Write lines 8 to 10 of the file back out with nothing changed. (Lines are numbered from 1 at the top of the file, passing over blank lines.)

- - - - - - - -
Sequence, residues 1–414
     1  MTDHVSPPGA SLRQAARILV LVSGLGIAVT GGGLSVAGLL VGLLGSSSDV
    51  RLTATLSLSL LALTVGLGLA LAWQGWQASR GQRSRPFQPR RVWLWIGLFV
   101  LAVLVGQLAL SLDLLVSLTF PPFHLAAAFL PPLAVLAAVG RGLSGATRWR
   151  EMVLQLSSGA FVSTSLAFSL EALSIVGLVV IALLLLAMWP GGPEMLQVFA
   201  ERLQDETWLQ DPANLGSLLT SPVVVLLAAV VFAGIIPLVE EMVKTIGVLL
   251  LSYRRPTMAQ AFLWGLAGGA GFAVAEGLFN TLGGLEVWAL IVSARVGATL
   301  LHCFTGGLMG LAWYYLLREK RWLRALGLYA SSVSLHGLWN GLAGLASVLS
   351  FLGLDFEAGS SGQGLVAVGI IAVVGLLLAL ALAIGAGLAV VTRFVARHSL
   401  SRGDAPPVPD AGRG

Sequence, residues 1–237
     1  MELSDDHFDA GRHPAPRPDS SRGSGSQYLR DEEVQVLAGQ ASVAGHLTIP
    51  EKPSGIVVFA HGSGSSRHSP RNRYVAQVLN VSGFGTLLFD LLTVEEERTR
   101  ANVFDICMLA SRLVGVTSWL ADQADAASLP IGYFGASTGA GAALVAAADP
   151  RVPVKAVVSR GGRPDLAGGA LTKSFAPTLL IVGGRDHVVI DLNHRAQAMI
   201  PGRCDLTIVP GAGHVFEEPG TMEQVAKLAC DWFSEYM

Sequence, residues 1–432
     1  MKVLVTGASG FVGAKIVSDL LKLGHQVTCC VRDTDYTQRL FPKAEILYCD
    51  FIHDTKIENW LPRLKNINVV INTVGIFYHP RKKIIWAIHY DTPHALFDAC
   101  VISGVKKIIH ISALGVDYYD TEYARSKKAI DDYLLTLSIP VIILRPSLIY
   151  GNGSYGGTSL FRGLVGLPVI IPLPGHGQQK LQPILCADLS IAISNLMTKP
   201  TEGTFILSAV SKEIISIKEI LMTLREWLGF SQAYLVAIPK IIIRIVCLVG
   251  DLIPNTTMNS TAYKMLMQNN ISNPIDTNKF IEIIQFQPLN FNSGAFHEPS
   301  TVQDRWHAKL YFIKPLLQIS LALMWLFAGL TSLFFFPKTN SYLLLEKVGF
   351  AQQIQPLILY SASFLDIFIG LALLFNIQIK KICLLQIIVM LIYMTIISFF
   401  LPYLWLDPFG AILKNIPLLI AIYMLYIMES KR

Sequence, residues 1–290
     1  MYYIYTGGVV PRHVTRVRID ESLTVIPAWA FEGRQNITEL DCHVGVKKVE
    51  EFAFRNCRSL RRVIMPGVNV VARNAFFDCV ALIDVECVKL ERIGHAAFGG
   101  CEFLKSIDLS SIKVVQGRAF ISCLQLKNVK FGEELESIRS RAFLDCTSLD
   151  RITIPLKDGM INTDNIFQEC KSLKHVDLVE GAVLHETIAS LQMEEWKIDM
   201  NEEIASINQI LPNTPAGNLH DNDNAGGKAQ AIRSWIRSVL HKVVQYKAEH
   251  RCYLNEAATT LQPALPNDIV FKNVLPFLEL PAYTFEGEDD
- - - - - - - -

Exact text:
   301  LHCFTGGLMG LAWYYLLREK RWLRALGLYA SSVSLHGLWN GLAGLASVLS
   351  FLGLDFEAGS SGQGLVAVGI IAVVGLLLAL ALAIGAGLAV VTRFVARHSL
   401  SRGDAPPVPD AGRG